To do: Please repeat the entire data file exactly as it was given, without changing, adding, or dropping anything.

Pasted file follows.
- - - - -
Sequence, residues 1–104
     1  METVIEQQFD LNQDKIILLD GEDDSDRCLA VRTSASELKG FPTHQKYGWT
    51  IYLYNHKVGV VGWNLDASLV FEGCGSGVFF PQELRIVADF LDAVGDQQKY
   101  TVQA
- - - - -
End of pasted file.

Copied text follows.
Sequence, residues 1–104
     1  METVIEQQFD LNQDKIILLD GEDDSDRCLA VRTSASELKG FPTHQKYGWT
    51  IYLYNHKVGV VGWNLDASLV FEGCGSGVFF PQELRIVADF LDAVGDQQKY
   101  TVQA